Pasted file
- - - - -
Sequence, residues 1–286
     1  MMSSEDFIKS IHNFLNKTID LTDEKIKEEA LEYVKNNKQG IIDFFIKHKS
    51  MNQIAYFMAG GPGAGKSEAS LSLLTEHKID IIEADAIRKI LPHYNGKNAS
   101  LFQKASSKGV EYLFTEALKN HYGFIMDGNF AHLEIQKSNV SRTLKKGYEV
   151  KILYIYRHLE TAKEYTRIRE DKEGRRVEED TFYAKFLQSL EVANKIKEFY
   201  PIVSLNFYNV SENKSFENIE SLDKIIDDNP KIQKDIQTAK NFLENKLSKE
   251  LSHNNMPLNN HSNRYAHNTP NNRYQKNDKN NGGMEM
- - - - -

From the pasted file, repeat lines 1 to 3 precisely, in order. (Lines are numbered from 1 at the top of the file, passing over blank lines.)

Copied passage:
Sequence, residues 1–286
     1  MMSSEDFIKS IHNFLNKTID LTDEKIKEEA LEYVKNNKQG IIDFFIKHKS
    51  MNQIAYFMAG GPGAGKSEAS LSLLTEHKID IIEADAIRKI LPHYNGKNAS